O'Dea took the title from two-time World Champion Johnny Chan after a two-and-a-half hour heads-up contest which the winner described as "sort of strange." He said, "I expected Johnny to play more aggressively...he knows pot limit Omaha is my best game, of course. We showed a lot of respect for each other."
O'Dea overcame a three-to-one chip advantage early to draw even, later fighting back from even worse positions and surviving three all-in efforts. The crucial hand saw O'Dea with K-J-5-3 flop a wheel while Chan with J-5-4-4 flopped a set. The straight held up and O'Dea suddenly had $330,000 in chips to Chan's $57,000. In the dramatic next hand, the Irishman flopped three eights and turned the fourth, to win.
Chan, 40, a Hong Kong-born gaming consultant and restaurant owner, was denied his sixth WSOP title but pushed his leading all-time earnings to $2,392,094. This was his 19th in-the-money finish since 1983; he won back-to-back World Championships in 1987 and 1988.
"It was a good tournament, I enjoyed it but I didn't win it," Chan said. "Last year I finished 9th in this event; next year I will win it."
Third place went to Roy Thung, an Indonesian-born private investor who has been playing poker for 10 years. "I'm reasonably satisfied," he said. "I wanted to win the bracelet, but what can you do. They were all very fine players; it was an honor to be playing with them." This was Thung's third money finish at the WSOP. His hopes were dealt a double hammer blow in consecutive hands: he made a nut flush on the turn, only to see Chan's three aces turn into a full house on the river. Then Thung went all in with K-K-6-3 and found Chan again with pocket aces. Neither player improved.
Steve Zolotow, 53, a partner in New York City bars with masters degrees in finance and poetry, took fourth place when he went all in with A-10-10-9, flopped an open-ended straight draw but lost to Thung's two pair. This 15th money finish brought his WSOP winnings to $308,260 since 1985.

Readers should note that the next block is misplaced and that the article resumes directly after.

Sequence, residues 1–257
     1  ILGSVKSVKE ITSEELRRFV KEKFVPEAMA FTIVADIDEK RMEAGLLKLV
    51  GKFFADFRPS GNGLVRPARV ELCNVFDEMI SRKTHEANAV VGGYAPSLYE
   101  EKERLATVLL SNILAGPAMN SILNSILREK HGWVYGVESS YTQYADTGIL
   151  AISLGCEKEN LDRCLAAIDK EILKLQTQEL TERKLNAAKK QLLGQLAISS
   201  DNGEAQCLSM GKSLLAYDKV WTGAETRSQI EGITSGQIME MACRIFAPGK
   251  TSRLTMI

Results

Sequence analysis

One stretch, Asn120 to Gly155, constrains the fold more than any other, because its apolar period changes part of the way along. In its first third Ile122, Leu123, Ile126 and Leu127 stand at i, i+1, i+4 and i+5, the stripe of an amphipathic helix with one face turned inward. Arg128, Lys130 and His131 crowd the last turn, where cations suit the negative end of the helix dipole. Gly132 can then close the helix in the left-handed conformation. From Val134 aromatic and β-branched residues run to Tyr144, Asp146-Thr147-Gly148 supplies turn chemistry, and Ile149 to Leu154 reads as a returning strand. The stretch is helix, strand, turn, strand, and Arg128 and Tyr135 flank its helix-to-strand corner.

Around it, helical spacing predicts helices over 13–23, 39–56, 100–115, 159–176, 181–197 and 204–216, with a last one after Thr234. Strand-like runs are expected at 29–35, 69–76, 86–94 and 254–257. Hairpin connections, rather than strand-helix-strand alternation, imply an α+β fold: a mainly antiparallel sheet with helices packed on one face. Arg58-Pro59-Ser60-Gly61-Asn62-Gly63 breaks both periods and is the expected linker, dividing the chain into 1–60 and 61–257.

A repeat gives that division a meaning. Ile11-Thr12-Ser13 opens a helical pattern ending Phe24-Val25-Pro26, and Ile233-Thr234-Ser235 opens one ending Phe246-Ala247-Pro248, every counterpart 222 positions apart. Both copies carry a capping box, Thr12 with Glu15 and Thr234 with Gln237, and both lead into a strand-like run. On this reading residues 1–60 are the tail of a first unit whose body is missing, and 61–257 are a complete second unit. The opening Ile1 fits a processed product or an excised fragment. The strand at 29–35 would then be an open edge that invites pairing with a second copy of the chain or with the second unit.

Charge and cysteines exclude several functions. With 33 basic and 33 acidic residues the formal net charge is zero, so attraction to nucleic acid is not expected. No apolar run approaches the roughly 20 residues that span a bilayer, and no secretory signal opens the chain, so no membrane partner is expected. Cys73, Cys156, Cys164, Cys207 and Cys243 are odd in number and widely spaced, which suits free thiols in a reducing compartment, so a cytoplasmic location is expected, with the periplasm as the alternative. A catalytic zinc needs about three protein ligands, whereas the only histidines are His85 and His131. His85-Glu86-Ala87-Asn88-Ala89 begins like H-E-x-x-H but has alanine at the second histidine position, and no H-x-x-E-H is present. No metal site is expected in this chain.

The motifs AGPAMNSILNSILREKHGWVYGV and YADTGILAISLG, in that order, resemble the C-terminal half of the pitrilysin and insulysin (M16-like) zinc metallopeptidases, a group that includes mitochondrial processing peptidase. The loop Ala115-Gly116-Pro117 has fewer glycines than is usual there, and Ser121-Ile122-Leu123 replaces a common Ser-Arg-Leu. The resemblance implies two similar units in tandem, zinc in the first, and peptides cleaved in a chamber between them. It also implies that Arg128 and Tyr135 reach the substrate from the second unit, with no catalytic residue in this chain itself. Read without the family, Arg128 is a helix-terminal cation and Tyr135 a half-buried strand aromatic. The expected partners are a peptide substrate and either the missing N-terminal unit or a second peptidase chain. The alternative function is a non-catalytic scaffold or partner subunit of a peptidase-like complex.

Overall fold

British player Steve Rydell, a 50 year-old former jeweler making his first trip to the World Series, finished fifth. "It was a tough field; I'm quite pleased but I'd have liked to do a bit better." He was eliminated with a river card oddity - a queen made him a king-high straight but it gave O'Dea an ace-high straight.
Ken Lennard, ranked Number One this year in Europe in Pot Limit Omaha, finished sixth in his first WSOP tournament. The 26 year-old Swede, a former company owner, said he had never felt uncomfortable at big European tournaments. "But when I sat down here, I felt nervous. There were World Champions at my table. This is something else!"
Seventh place went to Minnesota attorney Howard Greenspan, 43, playing in his third WSOP event. He described himself as a "recreational player" and said he made a bad mistake in assuming O'Dea, who successfully called a large semi-bluff, was aware of his newly established image as a tight player. "You have to play the person, not the cards," Greenspan said.
Dan Heimiller, 35, a former industrial engineer, took eighth place and said that, "coming in as the shortest stack, I did as well as I'd be expected to with those few chips." This seventh money finish brought his WSOP earnings to $138,669.
The ninth place finisher was Lindy Chambers, 65, an amusement company owner who had three previous WSOP cashes. "I have no complaints," he said. "And I had no rebuys!"
The Final Table
d = dealer
First action reported in a betting round, normally means the first player that put money into the pot in that betting round. A check is usually not reported as the first action in a betting round. Folds are not always reported. If there are four players at the beginning of a betting round, and it's reported that one player bets and is called by one other player, then the remaining two players folded.
*** 1,000/2,000 Blinds